- Cashmere. Soft and luxurious, a 100% cashmere blazer is a great option to pair with chinos. Durability is a small issue but quality of the cashmere plays a role in this as well.
- Flannel. Most often created from wool or cotton, flannel is a soft weave usually woven in twill.
- Fresco. A rare fabric, created from multiple yarns in wool, the fresco fabric is usually created in a plain weave. A great fabric for the summer due to its thin lining but not recommended as an all-season fabric.
Blazer Jacket Colors
Navy blue is the color of choice for the blazer. They can also come in lighter shades, but past a certain point they start to resemble sports jackets. If you only own one blazer, make it navy.
Blazer jackets can also come in bright, vibrant colors, especially when associated with clubs and boating events. Green, red, and bright stripes are occasionally seen and have significance, as they identify the wearer as a club member or part of a team.
Common blazer jacket colors:
- Navy blue
- Bottle green
- Regatta stripe (varies widely)
Common Types of Blazers
- 2-Button Single-Breasted. Pretty common among blazers. Quite possibly the most versatile piece you can own, especially if you get one in a foundation color such as navy blue.
- 3-Button Single-Breasted. 3-buttoned blazers are slowly gaining acceptance in menswear to compete with its two-button counterpart. The 3-button blazer is ideal for men taller than 6 feet. Pairing a 3-buttoned blazer with different color trousers will provide further balance for taller men as well.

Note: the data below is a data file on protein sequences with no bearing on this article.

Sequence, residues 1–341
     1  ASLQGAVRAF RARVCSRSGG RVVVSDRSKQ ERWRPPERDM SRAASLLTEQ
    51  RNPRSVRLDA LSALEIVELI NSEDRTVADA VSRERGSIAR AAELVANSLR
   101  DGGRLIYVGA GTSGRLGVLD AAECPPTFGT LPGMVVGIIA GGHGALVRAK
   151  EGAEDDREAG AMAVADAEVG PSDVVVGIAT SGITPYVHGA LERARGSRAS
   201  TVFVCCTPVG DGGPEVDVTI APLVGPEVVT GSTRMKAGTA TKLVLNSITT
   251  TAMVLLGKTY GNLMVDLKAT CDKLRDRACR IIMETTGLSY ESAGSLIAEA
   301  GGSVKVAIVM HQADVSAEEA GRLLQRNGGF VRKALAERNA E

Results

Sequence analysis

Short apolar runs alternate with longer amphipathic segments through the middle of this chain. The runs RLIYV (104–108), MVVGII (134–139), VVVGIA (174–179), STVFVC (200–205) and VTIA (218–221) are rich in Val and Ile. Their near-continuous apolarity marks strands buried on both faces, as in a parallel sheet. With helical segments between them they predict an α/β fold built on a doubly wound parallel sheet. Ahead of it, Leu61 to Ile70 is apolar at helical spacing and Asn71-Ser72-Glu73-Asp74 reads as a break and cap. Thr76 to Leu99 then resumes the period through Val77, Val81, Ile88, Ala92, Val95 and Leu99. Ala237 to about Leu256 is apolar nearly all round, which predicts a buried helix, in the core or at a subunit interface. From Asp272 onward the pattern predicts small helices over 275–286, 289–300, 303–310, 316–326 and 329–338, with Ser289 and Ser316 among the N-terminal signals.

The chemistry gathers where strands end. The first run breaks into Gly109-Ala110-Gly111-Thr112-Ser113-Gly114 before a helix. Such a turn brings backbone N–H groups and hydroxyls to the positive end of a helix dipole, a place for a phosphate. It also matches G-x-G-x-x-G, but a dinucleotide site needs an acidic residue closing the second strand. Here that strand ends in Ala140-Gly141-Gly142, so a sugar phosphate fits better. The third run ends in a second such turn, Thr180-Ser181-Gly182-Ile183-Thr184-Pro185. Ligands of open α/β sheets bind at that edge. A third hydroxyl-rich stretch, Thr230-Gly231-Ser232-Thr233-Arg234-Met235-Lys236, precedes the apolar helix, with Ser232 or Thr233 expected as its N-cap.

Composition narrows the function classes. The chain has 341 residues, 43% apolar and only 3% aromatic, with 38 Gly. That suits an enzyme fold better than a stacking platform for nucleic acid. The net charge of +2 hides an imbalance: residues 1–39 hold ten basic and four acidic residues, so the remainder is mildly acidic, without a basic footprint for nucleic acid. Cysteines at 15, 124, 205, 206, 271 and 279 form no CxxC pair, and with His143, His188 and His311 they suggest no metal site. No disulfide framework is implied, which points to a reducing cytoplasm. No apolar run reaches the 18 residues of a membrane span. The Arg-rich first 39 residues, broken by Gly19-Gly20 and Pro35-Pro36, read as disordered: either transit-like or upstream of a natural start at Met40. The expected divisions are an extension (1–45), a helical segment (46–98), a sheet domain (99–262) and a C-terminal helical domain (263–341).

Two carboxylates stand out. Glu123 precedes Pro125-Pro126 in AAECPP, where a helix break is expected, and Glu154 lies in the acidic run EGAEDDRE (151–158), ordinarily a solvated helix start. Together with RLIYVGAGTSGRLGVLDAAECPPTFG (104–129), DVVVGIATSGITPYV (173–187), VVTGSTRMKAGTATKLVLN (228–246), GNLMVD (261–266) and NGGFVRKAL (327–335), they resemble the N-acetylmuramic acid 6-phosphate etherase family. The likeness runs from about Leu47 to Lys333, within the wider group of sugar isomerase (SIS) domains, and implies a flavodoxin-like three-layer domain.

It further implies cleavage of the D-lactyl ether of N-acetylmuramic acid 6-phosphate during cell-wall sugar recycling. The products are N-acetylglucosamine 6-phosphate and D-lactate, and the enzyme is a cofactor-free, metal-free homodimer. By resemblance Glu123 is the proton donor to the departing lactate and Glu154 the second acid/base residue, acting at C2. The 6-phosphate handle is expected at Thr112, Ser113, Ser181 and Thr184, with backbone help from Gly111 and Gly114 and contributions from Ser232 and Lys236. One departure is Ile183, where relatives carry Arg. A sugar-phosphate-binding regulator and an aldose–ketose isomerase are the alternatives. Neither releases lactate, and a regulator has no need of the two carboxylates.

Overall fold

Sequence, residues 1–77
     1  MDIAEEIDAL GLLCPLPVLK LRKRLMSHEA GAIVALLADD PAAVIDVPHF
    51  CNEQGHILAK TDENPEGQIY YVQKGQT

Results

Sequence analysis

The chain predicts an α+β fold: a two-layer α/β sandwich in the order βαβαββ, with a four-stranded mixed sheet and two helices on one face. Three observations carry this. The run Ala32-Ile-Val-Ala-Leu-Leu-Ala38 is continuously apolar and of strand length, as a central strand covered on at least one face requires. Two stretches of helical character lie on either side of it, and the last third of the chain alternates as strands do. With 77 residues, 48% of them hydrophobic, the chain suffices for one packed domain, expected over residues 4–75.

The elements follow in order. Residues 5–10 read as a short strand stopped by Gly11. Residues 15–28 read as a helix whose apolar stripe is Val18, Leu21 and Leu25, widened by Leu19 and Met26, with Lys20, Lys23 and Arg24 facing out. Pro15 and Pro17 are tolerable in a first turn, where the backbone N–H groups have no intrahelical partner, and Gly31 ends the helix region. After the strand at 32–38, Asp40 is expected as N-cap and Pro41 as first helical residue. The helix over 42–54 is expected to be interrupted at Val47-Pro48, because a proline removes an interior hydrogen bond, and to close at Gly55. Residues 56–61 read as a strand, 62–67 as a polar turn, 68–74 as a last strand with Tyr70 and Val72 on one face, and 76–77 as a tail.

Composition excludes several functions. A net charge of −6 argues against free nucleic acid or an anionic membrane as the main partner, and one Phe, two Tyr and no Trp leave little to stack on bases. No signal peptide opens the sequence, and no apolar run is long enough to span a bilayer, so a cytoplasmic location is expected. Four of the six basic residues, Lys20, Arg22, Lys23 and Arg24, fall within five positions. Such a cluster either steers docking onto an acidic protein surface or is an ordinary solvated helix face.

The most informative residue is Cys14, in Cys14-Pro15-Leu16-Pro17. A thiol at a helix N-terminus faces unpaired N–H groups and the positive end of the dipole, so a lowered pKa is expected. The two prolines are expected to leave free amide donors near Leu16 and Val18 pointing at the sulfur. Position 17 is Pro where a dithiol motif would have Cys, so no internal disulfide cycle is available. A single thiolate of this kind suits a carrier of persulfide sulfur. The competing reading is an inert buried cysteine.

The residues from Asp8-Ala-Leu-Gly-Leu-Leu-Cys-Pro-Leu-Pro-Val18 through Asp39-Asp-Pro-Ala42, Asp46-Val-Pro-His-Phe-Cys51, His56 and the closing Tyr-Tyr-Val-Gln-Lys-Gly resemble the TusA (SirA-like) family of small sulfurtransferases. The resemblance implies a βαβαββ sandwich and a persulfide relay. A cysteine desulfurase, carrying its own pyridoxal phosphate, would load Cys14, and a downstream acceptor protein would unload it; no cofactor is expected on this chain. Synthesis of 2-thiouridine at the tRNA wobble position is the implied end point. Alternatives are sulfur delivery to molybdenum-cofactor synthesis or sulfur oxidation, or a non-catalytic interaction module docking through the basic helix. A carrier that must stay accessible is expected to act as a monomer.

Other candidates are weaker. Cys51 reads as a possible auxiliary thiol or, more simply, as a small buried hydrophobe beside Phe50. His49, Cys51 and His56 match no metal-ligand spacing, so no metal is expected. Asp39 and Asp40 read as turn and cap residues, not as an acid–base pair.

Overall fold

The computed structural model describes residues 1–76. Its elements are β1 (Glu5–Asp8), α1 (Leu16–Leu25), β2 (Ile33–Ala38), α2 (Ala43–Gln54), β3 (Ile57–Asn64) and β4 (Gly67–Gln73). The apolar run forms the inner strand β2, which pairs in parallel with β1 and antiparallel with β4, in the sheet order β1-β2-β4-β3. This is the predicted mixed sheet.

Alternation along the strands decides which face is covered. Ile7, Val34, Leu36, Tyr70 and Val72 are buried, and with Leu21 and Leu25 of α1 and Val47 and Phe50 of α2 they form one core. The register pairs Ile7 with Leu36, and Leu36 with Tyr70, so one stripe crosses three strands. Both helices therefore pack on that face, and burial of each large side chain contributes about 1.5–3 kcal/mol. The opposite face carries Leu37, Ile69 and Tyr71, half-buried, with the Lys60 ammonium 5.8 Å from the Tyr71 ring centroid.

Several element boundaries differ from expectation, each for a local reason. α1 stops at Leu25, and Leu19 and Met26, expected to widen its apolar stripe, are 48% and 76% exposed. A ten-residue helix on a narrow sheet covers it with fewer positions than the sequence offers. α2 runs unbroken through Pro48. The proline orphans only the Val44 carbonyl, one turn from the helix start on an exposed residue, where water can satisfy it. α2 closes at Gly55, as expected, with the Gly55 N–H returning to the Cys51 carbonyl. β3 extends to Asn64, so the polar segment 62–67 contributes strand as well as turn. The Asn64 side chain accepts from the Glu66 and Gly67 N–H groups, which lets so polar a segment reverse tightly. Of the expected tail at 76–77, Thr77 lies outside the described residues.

- 6-Button Double-Breasted. A 6-button double-breasted blazer with jetted pockets is synonymous with formal wear. You will generally find peaked lapels on blazers over the notched variety, but this feature is anything but exclusive.
What to Pair With a Blazer Jacket
- Trousers. Gray flannel trousers look excellent when wearing a navy blue blazer. Classic light-colored chinos or well-fitted khakis are a less formal alternative. Jeans can be worn with a blazer; however, this is an informal outfit. For those with no fear, blazers can surprisingly be paired well with bright-colored pants in red, orange, or green. Again, not for the faint of heart, but doable for the dandies out there.
- Shoes. Given the versatility of the blazer, a wide variety of shoes can be worn with them. They look best when the shoes work well with the formality of the trouser. Gray flannels call for cleaner lines of a dark blucher or elegant double monk strap. Chinos call for a more casual loafer or derby.
The Sports Jacket
Last but definitely not least in our comparison today is the sports jacket.
Back in the day, gentlemen used to wear “morning” jackets paired with trousers of a different color. These jackets, along with full suits, were strictly used for sporting activities such as shooting. Such outfits were not yet considered appropriate formal wear.